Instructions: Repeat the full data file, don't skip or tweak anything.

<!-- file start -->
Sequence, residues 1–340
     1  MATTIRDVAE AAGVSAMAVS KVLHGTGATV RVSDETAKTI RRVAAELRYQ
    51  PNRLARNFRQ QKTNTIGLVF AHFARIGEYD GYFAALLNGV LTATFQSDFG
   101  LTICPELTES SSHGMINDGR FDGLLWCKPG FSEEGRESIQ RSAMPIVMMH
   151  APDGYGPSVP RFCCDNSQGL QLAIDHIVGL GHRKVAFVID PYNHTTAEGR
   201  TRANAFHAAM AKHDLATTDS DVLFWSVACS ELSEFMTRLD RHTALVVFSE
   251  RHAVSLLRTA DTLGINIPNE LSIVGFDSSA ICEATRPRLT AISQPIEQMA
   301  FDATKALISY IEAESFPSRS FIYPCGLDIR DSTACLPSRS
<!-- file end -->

Sequence, residues 1–340
     1  MATTIRDVAE AAGVSAMAVS KVLHGTGATV RVSDETAKTI RRVAAELRYQ
    51  PNRLARNFRQ QKTNTIGLVF AHFARIGEYD GYFAALLNGV LTATFQSDFG
   101  LTICPELTES SSHGMINDGR FDGLLWCKPG FSEEGRESIQ RSAMPIVMMH
   151  APDGYGPSVP RFCCDNSQGL QLAIDHIVGL GHRKVAFVID PYNHTTAEGR
   201  TRANAFHAAM AKHDLATTDS DVLFWSVACS ELSEFMTRLD RHTALVVFSE
   251  RHAVSLLRTA DTLGINIPNE LSIVGFDSSA ICEATRPRLT AISQPIEQMA
   301  FDATKALISY IEAESFPSRS FIYPCGLDIR DSTACLPSRS